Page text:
As I look out my window at about a foot of snow, it’s hard to believe that it’s spring, and summer is right around the corner. As much as it doesn’t feel like it right now, warmer weather is in our future, and there’s no time like the present to remind ourselves that while the nicer weather brings more opportunities to get out with our pets–and possibly lose a couple of those pounds that both us and our pooches may have accumulated over the winter–warmer temperatures also bring some challenges and opportunities to keep our dogs safe, happy and healthy.
Warm weather can be dangerous for our pets. Number one, never leave a pet in a hot car. It just takes minutes for temperatures to get dangerously hot, leading to heat stroke and suffocation. If you’re traveling with your pet, pack water and a water dish, and take your dog with you when you leave the car. Better still, leave your dog at home when it’s hot. He or she will appreciate a nice air-conditioned home, just as much as you do!
Unfortunately, the warm weather also brings with it fleas, ticks and mosquitoes which can carry devastating diseases, like heartworm, Lyme disease, Rocky Mountain fever, and much more. Make sure your dog is protected from these bug-borne diseases, many of which can be dangerous for you too. Ask your veterinarian about proper protection.
While the warm rays of the sun feel good after months of cold weather, hot surfaces can be dangerous for your pup. Watch out for hot sidewalks and roads, as well as metal surfaces, like the bed of a truck. These hot surfaces can not only burn tender paws, they can also increase body temperature and lead to overheating.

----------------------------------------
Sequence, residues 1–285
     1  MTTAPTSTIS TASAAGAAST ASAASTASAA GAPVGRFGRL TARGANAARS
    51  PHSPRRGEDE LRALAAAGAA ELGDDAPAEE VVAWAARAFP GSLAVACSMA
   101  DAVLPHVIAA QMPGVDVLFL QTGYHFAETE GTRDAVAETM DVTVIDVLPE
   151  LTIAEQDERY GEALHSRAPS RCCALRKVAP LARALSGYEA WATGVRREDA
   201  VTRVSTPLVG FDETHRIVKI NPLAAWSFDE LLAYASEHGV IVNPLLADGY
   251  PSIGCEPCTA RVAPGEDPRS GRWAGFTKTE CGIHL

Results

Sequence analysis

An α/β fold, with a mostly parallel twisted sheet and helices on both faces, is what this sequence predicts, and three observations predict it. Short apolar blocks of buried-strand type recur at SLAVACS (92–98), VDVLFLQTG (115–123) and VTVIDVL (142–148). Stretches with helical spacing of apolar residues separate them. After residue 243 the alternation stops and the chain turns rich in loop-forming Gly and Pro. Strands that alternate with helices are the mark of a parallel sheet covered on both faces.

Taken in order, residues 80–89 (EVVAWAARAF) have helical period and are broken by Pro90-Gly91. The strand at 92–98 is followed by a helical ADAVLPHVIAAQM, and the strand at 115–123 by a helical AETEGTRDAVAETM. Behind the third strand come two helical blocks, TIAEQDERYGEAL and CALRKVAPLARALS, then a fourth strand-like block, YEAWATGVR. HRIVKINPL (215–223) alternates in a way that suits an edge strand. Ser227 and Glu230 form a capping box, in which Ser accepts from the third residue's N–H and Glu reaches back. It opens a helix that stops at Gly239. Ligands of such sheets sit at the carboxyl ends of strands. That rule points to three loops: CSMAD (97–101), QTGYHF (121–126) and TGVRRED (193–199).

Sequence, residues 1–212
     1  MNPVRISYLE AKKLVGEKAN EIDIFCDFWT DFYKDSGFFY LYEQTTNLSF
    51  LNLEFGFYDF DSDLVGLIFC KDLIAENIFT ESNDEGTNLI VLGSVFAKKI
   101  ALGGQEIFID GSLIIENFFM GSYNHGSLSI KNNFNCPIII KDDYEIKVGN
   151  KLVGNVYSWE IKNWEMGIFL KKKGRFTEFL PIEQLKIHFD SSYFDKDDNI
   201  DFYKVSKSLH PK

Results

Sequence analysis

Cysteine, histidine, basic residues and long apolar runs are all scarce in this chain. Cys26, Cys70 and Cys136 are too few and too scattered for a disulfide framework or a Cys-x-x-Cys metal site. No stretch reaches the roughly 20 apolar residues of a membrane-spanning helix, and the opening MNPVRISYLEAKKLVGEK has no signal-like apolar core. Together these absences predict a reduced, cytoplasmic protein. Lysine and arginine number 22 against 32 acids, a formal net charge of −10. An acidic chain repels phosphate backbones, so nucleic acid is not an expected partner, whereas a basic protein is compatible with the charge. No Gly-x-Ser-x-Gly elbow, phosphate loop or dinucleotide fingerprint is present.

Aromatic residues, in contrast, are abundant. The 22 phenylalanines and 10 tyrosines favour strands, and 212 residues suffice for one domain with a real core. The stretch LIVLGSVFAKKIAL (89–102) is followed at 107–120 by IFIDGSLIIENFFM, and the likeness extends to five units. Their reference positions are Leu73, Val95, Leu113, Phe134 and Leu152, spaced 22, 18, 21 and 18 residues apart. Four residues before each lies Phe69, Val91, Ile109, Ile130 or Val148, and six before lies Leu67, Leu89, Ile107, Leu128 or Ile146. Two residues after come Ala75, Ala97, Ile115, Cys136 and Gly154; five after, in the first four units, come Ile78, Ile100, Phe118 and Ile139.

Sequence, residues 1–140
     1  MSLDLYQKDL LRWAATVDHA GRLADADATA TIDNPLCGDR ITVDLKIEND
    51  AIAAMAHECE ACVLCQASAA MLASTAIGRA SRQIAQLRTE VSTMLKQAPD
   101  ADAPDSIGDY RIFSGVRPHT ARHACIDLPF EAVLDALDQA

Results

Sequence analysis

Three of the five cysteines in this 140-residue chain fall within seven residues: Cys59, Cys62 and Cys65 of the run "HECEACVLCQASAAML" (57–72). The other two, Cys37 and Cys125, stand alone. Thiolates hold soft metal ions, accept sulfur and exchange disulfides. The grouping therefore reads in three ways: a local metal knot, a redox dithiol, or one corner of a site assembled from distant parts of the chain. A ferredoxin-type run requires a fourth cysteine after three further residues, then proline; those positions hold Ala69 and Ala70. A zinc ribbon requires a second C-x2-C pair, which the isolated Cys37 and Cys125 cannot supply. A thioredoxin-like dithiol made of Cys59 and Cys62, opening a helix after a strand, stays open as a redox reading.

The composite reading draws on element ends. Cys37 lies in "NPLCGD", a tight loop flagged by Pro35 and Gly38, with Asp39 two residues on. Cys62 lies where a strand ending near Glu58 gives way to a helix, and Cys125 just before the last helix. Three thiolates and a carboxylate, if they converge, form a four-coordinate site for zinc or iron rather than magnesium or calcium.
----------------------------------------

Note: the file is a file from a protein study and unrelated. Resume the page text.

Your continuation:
Make sure your dog has plenty of water and shade during the warmer months. You may even want to get your dog his or her very own “kiddy pool’—or in your pooch’s case a “puppy pool!” Dogs love the water and getting wet will help keep them cool.
But if you take your dog to the beach, don’t assume he or she is a good swimmer. Dogs instinctively know how to swim, but that doesn’t mean they are necessarily good swimmers. And if your dog jumps into a swimming pool, make sure he or she can easily get out. Just like children, dogs shouldn’t be able to get into a pool or a body of water without adult supervision!
Dogs can get sunburned, especially those with short or light-colored coats. Sunburn can be painful, and overexposure could eventually lead to skin cancer. Talk to your veterinarian about sunscreens for your dog—don’t assume the human variety is appropriate for your pet.
A good rule of thumb is to simply pay attention to your pooch. If your dog seems uncomfortable, remove him or her from the source of discomfort. With a little attention to detail you and your furry friend can safely enjoy the beautiful weather and warmer temperatures which seems to come and go around here just a little too quickly. Enjoy!